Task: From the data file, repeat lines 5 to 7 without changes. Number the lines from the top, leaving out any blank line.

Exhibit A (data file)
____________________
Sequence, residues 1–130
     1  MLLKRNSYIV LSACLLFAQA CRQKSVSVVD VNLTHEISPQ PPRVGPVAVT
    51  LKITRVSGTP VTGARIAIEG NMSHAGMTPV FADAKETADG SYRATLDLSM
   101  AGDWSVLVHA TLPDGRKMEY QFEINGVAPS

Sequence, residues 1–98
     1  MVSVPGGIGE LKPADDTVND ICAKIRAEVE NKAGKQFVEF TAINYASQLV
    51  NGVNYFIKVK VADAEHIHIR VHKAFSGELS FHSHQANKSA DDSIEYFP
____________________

Sequence, residues 1–98
     1  MVSVPGGIGE LKPADDTVND ICAKIRAEVE NKAGKQFVEF TAINYASQLV
    51  NGVNYFIKVK VADAEHIHIR VHKAFSGELS FHSHQANKSA DDSIEYFP